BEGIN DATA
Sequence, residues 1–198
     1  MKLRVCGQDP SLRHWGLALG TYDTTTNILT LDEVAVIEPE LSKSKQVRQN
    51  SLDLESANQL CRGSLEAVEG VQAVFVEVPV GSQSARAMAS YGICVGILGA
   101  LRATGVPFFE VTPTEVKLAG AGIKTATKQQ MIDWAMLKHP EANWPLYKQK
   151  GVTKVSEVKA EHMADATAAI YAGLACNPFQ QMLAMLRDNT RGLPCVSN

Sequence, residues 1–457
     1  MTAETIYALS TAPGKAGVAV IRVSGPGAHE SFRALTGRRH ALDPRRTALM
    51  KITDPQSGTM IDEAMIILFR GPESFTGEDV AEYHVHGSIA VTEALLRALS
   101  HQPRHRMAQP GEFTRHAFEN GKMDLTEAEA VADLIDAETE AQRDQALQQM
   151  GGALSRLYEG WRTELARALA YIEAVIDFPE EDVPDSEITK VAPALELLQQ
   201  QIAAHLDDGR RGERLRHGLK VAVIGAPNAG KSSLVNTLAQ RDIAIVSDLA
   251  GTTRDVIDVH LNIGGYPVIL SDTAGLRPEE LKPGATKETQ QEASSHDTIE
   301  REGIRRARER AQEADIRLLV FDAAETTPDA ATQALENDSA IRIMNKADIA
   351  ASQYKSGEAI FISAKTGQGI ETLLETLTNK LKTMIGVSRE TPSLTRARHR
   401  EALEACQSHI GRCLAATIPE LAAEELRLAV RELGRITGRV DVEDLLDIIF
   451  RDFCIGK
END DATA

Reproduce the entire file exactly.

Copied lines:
Sequence, residues 1–198
     1  MKLRVCGQDP SLRHWGLALG TYDTTTNILT LDEVAVIEPE LSKSKQVRQN
    51  SLDLESANQL CRGSLEAVEG VQAVFVEVPV GSQSARAMAS YGICVGILGA
   101  LRATGVPFFE VTPTEVKLAG AGIKTATKQQ MIDWAMLKHP EANWPLYKQK
   151  GVTKVSEVKA EHMADATAAI YAGLACNPFQ QMLAMLRDNT RGLPCVSN

Sequence, residues 1–457
     1  MTAETIYALS TAPGKAGVAV IRVSGPGAHE SFRALTGRRH ALDPRRTALM
    51  KITDPQSGTM IDEAMIILFR GPESFTGEDV AEYHVHGSIA VTEALLRALS
   101  HQPRHRMAQP GEFTRHAFEN GKMDLTEAEA VADLIDAETE AQRDQALQQM
   151  GGALSRLYEG WRTELARALA YIEAVIDFPE EDVPDSEITK VAPALELLQQ
   201  QIAAHLDDGR RGERLRHGLK VAVIGAPNAG KSSLVNTLAQ RDIAIVSDLA
   251  GTTRDVIDVH LNIGGYPVIL SDTAGLRPEE LKPGATKETQ QEASSHDTIE
   301  REGIRRARER AQEADIRLLV FDAAETTPDA ATQALENDSA IRIMNKADIA
   351  ASQYKSGEAI FISAKTGQGI ETLLETLTNK LKTMIGVSRE TPSLTRARHR
   401  EALEACQSHI GRCLAATIPE LAAEELRLAV RELGRITGRV DVEDLLDIIF
   451  RDFCIGK